Natural gas price surges to a 6-month high after Russia’s surprise decision

natural gas price

Natural gas prices in Europe surged by around 35% on Monday as the market digested news that the crucial Nord Stream pipeline will remain closed indefinitely. The bearish factor spilled over to the Euro; pushing it to a fresh 20-year low.  


Moscow’s abrupt decision

On Friday, Russia unexpectedly announced that it will not turn on the crucial Nord Stream pipeline as expected. In its last-minute decision, the state-run Gazprom gas company halted the flow of natural gas to Europe indefinitely; an aspect that has further worsened the persistent energy crisis in the continent.

Gazprom was set to reopen the pipeline on Saturday after three days of maintenance. However, the firm claims to have identified an oil leakage on a gas turbine. It is unclear when the issue will be fixed.

As a reaction to Moscow’s move, the region’s benchmark Dutch TTF gas futures rose by about 35%. Indeed, this is the highest jump in close to 6 months. In the past week, it had dropped by about 37% amid optimism that European leaders would successfully implement measures meant to deal with the natural gas crisis ahead for the winter season.  The benchmark UK and German futures also rose by 36% and 33% respectively on Monday.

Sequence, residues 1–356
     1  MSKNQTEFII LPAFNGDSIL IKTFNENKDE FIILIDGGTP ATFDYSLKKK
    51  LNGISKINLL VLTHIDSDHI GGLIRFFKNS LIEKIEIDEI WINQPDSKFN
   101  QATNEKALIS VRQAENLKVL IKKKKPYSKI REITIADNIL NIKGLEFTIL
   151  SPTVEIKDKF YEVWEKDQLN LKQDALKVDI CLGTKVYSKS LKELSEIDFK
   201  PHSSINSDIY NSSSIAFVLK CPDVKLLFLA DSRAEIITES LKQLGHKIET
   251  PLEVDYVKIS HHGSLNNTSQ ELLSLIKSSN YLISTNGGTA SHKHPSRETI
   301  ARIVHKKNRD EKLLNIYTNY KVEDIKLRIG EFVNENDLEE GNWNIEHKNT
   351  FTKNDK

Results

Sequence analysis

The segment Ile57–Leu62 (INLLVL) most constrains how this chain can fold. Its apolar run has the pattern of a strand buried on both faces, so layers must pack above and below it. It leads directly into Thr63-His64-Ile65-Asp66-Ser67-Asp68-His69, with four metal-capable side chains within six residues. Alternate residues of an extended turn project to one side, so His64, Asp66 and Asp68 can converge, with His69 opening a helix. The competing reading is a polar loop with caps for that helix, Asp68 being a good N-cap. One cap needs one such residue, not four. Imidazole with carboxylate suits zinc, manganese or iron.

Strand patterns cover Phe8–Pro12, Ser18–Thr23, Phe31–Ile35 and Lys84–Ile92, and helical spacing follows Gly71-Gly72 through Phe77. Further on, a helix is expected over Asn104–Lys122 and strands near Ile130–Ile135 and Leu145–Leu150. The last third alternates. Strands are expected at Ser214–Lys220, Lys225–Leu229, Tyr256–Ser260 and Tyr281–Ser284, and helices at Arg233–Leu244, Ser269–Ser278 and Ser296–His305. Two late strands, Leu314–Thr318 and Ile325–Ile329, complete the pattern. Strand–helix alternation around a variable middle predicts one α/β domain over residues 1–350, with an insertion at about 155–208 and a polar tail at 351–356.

Europe’s response

In the ensuing sessions, traders will be keen on the relevant response from European leaders. To begin with, energy ministers within the continent are set to hold an emergency meeting on Friday to deliberate on solutions to the soaring natural gas prices.

Policy makers in Europe are seeking to lower the commodity’s demand drastically as the winter season approaches. Besides, they are keen on ensuing that the aggressive swings within the energy market do not spill into the broader financial market.

Granted, the continent has managed to build on natural gas inventories at a higher-than-expected pace. Concerns remain on how the region will replace Russia’s supplies as demand is set to rise significantly during winter. For instance, Germany will likely fall short of filling its storage facilities to 95% by the beginning of November.

Leave a Reply

Your email address will not be published.